The Teamsters/UPS Negotiations: Back to Strike Ready or Lowering Expectations?

On Thursday, June, 22nd, the Teamsters National Negotiating Committee led by Sean O’Brien and Fred Zuckerman, rejected the UPS’s counterproposal to the union’s economic demands, calling them “disrespectful.” The Teamsters broke off negotiations and said they wouldn’t return to the bargaining table until UPS got serious about negotiations.

O’Brien, the Teamsters General President, posted on its Facebook page:

The Teamsters will not bargain or accept any contract that’s cost-neutral. We are not going to sell ourselves short in these negotiations, and we will not buy back terms and conditions to protect our members. We have 39 days to go. This company is wasting time putting forth offensive proposals. If UPS wants to negotiate a contract for 1997 working conditions, they’re going to get 1997 consequences.

The “1997 consequences” that O’Brien threatened UPS with is the 1997 Teamsters strike against UPS, the first national strike at the company known for many decades as “Big Brown.” The strike was a hands down victory for the Teamsters led by the union’s democratically elected, reform leader Ron Carey.

Last Wednesday, June 21st, Sean O’Brien appeared to be giving a different signal. He reported on a nationwide Zoom call that “we have made big progress” with fifty-five tentative agreements. The direction of negotiations appeared to be heading towards an early settlement. Then things blew up and, once again, raised the specter of a national strike. Dave Courtenay-Quirk, an Atlanta UPS union steward, told me,

Many of us now think there’s no way to avoid a strike. Since management harassment (both petty and serious) is so extreme, many of us are looking forward to it.

Strangely, the Teamsters didn’t take the opportunity to openly post their initial economic proposals or UPS’s counter proposals for the entire union membership to see, after they walked out of negotiations. However, the next day Teamsterlink , a social media site not affiliated with the Teamsters, posted UPS’s proposals that were leaked anonymously to them by someone called RnFTeamsterVoice.

If the goal of the leaker was simply to make UPS look bad, it certainly did that, but it also put pressure on the Teamsters to release their full economic proposals, not just the general bargaining goals. People were demanding to see the actual contract language the union was putting forward; something the union has refused to do, so far. Right now, as it stands, the only people to see the Teamsters actual proposals are UPS negotiators, not UPS Teamsters rank and filers.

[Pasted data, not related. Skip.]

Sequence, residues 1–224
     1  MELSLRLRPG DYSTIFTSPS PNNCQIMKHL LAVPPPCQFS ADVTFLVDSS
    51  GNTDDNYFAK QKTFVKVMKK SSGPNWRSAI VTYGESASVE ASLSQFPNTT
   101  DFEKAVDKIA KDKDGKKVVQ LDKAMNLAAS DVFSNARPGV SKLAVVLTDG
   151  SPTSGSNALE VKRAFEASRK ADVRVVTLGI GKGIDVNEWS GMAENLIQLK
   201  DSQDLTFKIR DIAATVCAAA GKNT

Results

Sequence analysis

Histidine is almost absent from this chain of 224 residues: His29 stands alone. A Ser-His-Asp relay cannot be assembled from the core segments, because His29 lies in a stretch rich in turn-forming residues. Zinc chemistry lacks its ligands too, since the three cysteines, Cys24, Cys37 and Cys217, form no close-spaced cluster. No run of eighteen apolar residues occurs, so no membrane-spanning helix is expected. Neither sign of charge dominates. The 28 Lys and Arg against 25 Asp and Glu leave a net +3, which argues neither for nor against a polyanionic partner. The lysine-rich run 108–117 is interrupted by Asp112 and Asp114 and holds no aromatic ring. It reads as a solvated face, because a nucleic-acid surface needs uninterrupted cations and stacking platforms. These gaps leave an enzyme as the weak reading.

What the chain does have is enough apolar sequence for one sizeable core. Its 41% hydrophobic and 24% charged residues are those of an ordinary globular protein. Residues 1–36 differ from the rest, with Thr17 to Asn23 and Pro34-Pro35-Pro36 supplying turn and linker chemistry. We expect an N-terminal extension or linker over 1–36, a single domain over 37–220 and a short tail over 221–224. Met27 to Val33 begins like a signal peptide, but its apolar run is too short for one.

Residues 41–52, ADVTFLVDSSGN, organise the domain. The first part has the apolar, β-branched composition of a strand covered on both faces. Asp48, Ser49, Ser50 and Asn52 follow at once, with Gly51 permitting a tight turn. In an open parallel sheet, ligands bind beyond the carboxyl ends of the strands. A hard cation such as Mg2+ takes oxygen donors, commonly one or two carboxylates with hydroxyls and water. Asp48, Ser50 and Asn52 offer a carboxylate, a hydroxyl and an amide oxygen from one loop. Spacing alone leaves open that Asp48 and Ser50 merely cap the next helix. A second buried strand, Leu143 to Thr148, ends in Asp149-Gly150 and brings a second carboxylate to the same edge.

UPS’s counter proposals were so offensive, they quickly circulated around the internet. Starting from Teamsterlink, they spread quickly to long established Facebook pages like Vote in the Know on the UPS Contract to the Twitter feed of  the newer The Upsurge. UPS Teamsters and many others interested in the contract fight, logged in and were shocked at what they read, especially UPS’s proposal that new part timers start at $17.00 an hour. For a full breakdown of UPS proposals, see The Upsurge.

Teamster Mobilize, a network of UPS part timer activists has called for a $25 an hour new start pay for part timers. One UPS part timer, working in the Chicago area, told me after reading them:

Right now, I’m being paid $20 an hour. That’s been my rate since I started, nearly a year ago. Most people I know have similar pay scales; some make a bit more, a few a bit less. What if the whole point of leaking that counter proposal was to make getting $20 an hour look like a big win? UPS is already paying that, and has been for a while.

Was the purpose of the leak ultimately about lowering expectations? We will see over the next week, if negotiations re-start, and what comes out of them.

There’s little doubt that negotiations between UPS and the Teamsters have entered a critical phase. It is the biggest private sector contract being negotiated this year, covering around 340,000 workers. Many people have staked the future of Teamster organizing at Amazon on the success of winning a big contract victory at UPS, a mediocre contract could dampen future organizing.

JOE ALLEN is the author of The Package King: A Rank and File History of United Parcel Service.